Press Release— Action for Economic Reforms— 29 May 2012
CLAMOUR FROM the tobacco lobby that the Abaya excise tax bill would spur a smuggling frenzy has only cast smokescreens, instead of meaningful debate, around the sin tax reform issue. Supporters of HB 5727, government agency chiefs said today, can rest easy that the bill’s approval will not trigger a sharp spike upwards in illicit tobacco trading.
“For the longest time, companies like PMFTC have warned that tampering with our excise tax system would spark an ‘exponential rise’ in cigarette smuggling,” said Commissioner Ruffy Biazon of the Bureau of Customs. “Yet their arguments generally collapse when confronted with solid evidence.”
Despite the approval of an amended Abaya sin tax bill at the Congress Ways and Means Committee, PMFTC and its allies have continued to upbraid the bill for failing to espouse “gradual and reasonable” hikes in cigarette taxes. In a recent statement, PMFTC president Chris Nelson alleged that the modified HB 5727 would pave the way for a surge in illegal market activity, which he argued would cost the government up to P170 billion in revenues yearly.
“Ironically, PMFTC and its allies have ignored how the prices of their own products would fare over time compared to that of other ASEAN countries,” Biazon asserted. “Should HB 5727 become law, the price of our country’s most popular tobacco brand— Fortune International Filter Kings— would rise to P35.26 per pack by 2014. But this is still lower than the 2009 prices of top-selling cigarettes in Cambodia (P52.36), Indonesia (P64.68), Thailand (P103.84), Malaysia (P146.08) and Singapore (P365.2).”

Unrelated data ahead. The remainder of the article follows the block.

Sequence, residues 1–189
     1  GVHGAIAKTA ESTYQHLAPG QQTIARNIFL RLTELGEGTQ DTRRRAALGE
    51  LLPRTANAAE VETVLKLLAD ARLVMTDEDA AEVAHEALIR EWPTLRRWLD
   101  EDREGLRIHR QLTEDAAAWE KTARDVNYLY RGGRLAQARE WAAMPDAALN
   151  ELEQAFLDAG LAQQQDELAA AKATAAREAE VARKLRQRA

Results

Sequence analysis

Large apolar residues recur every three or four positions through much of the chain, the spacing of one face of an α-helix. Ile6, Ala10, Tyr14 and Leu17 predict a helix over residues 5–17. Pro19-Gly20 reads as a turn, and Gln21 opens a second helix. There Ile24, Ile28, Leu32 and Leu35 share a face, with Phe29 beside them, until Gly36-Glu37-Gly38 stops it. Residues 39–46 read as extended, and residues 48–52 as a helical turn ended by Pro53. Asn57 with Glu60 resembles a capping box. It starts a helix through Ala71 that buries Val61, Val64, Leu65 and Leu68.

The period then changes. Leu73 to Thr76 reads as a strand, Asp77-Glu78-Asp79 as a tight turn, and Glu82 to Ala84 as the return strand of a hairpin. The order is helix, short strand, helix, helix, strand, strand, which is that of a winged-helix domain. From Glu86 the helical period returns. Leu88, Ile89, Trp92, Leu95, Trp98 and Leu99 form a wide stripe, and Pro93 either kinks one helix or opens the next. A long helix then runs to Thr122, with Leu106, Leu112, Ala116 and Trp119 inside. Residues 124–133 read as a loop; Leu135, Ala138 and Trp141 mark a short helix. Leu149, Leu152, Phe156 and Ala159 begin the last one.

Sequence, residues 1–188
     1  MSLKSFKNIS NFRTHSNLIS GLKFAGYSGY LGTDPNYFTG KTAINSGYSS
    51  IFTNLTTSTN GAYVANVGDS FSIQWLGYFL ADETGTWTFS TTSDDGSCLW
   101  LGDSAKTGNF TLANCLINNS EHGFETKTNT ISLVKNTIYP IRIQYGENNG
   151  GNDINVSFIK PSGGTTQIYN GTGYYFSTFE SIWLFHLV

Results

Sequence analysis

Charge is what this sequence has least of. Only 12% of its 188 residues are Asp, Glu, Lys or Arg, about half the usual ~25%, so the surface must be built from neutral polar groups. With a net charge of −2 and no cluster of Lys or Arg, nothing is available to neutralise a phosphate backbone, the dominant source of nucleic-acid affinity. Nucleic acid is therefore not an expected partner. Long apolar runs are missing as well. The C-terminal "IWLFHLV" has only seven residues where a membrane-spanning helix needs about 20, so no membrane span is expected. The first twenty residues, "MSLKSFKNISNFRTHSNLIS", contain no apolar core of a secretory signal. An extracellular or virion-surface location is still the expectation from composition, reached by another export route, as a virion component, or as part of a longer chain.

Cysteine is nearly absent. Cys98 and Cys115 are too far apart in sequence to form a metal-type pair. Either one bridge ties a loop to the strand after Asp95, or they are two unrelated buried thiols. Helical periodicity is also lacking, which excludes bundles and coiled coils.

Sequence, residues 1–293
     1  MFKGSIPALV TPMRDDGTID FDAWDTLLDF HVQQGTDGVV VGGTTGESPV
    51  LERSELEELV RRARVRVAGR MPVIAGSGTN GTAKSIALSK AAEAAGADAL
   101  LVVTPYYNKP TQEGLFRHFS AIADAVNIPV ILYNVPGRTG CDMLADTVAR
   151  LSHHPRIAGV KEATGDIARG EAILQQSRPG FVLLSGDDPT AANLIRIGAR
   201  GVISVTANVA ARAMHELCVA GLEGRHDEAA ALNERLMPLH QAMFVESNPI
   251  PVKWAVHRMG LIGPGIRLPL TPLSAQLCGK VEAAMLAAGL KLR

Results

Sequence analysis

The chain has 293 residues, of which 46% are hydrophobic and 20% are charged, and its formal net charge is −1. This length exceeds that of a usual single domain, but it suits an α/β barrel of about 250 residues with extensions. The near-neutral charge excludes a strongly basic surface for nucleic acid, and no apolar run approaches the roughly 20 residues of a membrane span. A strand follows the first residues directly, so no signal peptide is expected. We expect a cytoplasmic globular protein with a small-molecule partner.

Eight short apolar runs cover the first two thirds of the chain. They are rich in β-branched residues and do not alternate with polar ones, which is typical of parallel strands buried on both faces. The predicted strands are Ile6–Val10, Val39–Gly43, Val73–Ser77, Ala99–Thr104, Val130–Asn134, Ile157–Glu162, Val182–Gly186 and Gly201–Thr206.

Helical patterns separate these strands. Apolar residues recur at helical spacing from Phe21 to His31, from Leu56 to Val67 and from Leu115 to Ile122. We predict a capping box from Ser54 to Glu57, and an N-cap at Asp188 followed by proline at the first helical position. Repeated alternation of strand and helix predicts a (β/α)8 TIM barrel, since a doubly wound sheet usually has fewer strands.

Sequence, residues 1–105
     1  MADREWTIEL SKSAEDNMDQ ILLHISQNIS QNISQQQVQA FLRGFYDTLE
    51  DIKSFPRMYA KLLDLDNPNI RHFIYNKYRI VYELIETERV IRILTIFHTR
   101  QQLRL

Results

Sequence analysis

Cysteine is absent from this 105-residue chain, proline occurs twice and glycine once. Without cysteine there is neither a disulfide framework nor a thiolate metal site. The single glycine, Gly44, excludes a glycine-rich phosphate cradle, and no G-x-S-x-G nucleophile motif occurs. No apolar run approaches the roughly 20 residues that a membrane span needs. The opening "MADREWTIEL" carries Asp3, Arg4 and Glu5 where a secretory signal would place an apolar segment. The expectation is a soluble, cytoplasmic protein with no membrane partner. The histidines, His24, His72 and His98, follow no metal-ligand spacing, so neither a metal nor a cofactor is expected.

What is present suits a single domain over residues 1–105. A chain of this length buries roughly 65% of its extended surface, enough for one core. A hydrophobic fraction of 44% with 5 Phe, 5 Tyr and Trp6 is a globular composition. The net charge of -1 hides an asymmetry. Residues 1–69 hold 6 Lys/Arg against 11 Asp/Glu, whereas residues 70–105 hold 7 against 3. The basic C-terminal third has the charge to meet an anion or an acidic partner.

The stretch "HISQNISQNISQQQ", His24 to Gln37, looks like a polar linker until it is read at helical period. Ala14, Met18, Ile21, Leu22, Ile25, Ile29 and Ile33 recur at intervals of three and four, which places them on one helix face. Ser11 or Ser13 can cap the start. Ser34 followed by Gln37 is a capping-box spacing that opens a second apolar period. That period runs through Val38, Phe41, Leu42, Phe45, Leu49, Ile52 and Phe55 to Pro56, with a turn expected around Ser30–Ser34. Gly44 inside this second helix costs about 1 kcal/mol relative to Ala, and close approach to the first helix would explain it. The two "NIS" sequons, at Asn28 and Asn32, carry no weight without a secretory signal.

“We have every reason to expect that cigarette smuggling will continue to flow out of, rather than into, the Philippines,” maintained Biazon. “If our cigarettes stay cheaper than those of our neighbours, sneaking tobacco goods into our country would largely remain unprofitable for would-be smugglers. PMFTC employs faulty logic when it hints that a tobacco black market threatens to erupt in our midst.”
“The smuggling concerns often voiced by tobacco industry supporters are a clear case of red herring fallacies,” said BIR Commissioner Kim Henares. “Cigarettes prices aren’t the main determinant of how much smuggling takes place; it’s the quality of governance that really matters.”
Except on few occasions, nations that have jacked up tobacco taxes have undergone little or no perceived changes in smuggling activity. According to the World Bank, the Swedish ($4.58 per pack), UK ($4.16), and Singaporean ($2.24) governments managed to contain illicit cigarette trading to only 2% of total domestic sales in 1995 due to honest, effective, well-designed public interventions.
In sharp contrast are countries which, due to slapdash state action, have suffered exorbitant levels of illegal goods trafficking. In 1995, Vietnam owed as much as 28% of its domestic sales to that of smuggled merchandise, despite having less than half of the tobacco prices of the Philippines during that period ($0.10 versus $0.22 per pack respectively).
“These numbers confirm that we can pass the Abaya sin tax bill without needing to fear smuggling, so long as we redouble efforts on governance reforms. This is exactly what we in the BIR and the Bureau of Customs have been doing. We’re now enacting what may be the most successful administrative reforms in over twenty years, and we’ll soon be implementing a new tax stamp system on cigarettes. This will help curb whatever smuggling and tax leakages we currently experience,” Henares contended.
“The bottom line,” added Biazon. “is that we can pass HB 5727 while stemming whatever trafficking ‘backlash’ groups like PMFTC claim there will be. We have nothing to lose from this bill, customs-wise. The Abaya sin tax reforms, and our own pursuit of better governance are already going hand-in-hand in the quest to raise revenues for the government— but more importantly, to protect the health and lives of millions of our fellow Filipinos.”